There are times of the year that these magnificent hummingbirds start their long travel north so that they can enjoy the summer and spring for a few months in North America. Hummingbirds are the tiniest migrating bird, and they don’t migrate in groups like some species, and they commonly travel on their own up to 500 miles at one time. Let’s tackle about hummingbirds and learn more about these beautiful birds. So here are the facts that you need to know about hummingbirds. And aside from this list, you can check more information about hummingbirds facts.
Hummingbirds Recognize The Flowers They Already Visited
Hummingbirds are also among the intelligent birds. If you compare it to the mass of their body, their brains are large and weigh around 4.2% of the total weight of a hummingbird’s body. Because of this fact, hummingbirds can tell the difference between fresh flowers and not, from the flowers they already visit. Aside from that, they can also know the time flowers refill their nectars.
Hummingbirds Can Visit More Than 1,000 Flowers a Day
Hummingbirds devour nectar because they need carbohydrates in the sugar, which is also their primary energy source. Since the nectars of the flowers are the prime sugar source, all the birds need to consume 5-8 doses of nectars per hour. In a day, these birds visit 1,000 and above flowers for their daily nectar fix to complete.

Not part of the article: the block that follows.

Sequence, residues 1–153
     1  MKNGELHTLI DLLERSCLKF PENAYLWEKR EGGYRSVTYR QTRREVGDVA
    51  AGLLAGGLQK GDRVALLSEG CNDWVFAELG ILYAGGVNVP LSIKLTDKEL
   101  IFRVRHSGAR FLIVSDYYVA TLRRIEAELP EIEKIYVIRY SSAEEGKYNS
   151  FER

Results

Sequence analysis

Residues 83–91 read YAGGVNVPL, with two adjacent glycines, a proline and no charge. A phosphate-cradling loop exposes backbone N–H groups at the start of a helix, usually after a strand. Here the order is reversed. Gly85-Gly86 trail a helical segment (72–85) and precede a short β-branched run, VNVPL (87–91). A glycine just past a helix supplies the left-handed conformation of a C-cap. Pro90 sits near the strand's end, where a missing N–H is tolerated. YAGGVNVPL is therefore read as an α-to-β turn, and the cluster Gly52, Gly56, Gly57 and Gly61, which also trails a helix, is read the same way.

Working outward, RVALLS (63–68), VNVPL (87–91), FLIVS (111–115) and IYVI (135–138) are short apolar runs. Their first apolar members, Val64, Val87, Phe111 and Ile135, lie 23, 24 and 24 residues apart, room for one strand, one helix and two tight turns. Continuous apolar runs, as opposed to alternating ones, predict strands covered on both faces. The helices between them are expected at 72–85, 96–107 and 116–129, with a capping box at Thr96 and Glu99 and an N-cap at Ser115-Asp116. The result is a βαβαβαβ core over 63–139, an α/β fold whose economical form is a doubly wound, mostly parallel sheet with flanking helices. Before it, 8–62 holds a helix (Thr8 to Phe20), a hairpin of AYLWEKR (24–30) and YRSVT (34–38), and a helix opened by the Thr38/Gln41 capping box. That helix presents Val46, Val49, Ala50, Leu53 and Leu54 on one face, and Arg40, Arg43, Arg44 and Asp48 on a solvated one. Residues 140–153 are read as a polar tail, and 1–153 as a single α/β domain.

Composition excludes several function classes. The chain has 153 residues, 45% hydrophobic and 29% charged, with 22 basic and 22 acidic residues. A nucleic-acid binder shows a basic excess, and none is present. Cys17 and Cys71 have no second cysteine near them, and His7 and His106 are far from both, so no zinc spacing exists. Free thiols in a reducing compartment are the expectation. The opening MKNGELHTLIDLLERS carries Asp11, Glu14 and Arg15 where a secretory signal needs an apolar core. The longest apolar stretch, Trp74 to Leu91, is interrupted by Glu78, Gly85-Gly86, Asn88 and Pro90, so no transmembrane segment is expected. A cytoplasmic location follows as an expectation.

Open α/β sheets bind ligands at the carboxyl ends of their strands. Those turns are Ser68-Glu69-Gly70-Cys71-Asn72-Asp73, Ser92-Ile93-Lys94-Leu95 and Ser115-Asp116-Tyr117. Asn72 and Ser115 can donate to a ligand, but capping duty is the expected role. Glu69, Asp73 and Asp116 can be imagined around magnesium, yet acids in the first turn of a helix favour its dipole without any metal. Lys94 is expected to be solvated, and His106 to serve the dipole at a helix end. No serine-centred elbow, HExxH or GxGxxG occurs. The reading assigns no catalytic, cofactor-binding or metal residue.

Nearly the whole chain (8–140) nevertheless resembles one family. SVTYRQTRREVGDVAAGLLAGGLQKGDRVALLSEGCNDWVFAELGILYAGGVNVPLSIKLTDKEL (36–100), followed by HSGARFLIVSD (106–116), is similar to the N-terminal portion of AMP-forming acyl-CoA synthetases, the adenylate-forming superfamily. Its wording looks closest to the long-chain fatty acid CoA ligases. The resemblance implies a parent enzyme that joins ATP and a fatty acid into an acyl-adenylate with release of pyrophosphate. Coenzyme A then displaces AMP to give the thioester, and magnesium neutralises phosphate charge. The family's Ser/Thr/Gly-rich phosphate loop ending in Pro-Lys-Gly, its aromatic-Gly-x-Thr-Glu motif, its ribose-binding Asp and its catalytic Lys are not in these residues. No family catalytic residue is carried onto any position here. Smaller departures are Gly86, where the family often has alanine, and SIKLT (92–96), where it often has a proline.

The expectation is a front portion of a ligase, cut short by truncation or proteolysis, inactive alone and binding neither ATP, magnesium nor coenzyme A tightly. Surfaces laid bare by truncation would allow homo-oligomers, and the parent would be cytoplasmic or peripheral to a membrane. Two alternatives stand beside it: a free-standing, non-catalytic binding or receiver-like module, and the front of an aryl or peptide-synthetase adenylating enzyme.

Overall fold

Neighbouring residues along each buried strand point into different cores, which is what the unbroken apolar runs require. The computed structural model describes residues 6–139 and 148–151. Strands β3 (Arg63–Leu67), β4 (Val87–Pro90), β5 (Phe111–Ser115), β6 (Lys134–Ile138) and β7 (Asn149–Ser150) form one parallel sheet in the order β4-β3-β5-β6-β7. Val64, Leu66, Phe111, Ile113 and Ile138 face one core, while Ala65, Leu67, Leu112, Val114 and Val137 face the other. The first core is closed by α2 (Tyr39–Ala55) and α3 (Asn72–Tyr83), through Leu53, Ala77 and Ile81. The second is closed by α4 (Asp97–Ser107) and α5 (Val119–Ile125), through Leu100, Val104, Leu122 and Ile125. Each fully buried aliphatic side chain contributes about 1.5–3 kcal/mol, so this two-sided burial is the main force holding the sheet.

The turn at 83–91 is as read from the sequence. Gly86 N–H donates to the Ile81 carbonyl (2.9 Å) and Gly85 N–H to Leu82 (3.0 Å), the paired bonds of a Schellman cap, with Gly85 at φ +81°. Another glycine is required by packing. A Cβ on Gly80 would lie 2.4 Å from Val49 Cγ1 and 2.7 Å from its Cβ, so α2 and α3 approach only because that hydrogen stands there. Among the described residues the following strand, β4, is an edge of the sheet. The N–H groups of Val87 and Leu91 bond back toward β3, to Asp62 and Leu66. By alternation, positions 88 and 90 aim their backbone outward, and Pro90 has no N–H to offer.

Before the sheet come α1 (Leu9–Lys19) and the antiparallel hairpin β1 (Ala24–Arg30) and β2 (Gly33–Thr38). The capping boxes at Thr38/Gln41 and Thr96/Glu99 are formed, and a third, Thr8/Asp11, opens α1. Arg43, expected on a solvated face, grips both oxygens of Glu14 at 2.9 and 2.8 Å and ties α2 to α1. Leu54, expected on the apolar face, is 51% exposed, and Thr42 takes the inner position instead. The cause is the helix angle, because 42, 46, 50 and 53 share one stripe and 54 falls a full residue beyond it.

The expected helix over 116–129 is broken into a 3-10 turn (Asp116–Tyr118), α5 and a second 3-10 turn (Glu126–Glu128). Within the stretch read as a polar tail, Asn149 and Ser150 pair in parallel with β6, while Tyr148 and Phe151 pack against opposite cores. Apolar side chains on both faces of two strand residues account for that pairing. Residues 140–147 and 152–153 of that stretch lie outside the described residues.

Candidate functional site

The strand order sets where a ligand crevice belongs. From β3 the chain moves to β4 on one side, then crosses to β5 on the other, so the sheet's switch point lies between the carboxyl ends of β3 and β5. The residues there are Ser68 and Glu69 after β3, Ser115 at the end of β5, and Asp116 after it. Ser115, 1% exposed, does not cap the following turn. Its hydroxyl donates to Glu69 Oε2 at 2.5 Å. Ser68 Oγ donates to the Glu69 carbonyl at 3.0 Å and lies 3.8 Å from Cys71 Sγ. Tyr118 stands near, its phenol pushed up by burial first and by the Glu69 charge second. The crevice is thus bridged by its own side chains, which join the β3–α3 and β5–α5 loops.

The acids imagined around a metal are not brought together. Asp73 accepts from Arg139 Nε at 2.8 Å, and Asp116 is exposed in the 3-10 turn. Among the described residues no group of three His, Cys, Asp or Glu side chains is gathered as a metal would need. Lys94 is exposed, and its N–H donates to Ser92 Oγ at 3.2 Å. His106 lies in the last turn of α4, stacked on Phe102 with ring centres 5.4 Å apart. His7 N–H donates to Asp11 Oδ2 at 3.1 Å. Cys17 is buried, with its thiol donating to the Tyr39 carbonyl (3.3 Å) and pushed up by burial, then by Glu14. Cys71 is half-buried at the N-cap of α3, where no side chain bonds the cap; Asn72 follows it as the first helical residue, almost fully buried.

While They are in Torpor State, Hummingbirds Looks Like Dead Birds
When hummingbirds are in the torpor state, they hang and turn themselves upside-down. If you are an observer, you will think that a hummingbird that is sleeping is probably a dead bird, and even if you touch them, there is no way that they will wake up. The average time a hummingbird will wake up from the state of inactivity is around 20 minutes to 1 hour.
After Torpor State, Hummingbirds Eat 25% of The Daily Intake
From the moment that hummingbirds wake up from the torpor state, the first task that they will accomplish is to find food. Hummingbirds can consume for above 25% of their consumption daily for their energy to come back and stack up nutrients.
Hummingbird is The World’s Tiniest Warm-Blooded Animal
Besides the fact that these birds are the planet’s tiniest animals that are warm-blooded, they don’t have enough feathers that are insulating, which you can commonly find in birds. They have unique methods on how to conserve the right energy to survive the coldest nights by decreasing their internal thermostat in the night.
Rufous Hummingbird Migrates The Longest in The Hummingbird Species
The rufous hummingbirds migrate the longest in the species of hummingbirds. These hummingbirds can fly nearly 5,000 kilometers, starting from their grounds of nesting in Alaska and Canada to Mexico, their winter home.
Other Hummingbird Species Don’t Want to Migrate
For reasons that are unknown, some hummingbirds would prefer to stay in their places rather than migrating during the cold season. There is also a theory suggesting that because of their hibernation ability, some hummingbirds can survive even if they do not migrate. For instance, some hummingbird anna species don’t want to migrate anymore, they stay in the United State’s northwestern coast and some particular Canada parts all year long.
Hummingbirds are beautiful birds species that are capable of surviving and hybernating. There are more facts about these fascinating creatures, and the mentioned above are just some of those facts. They are tiny, but they are warm-blooded too.
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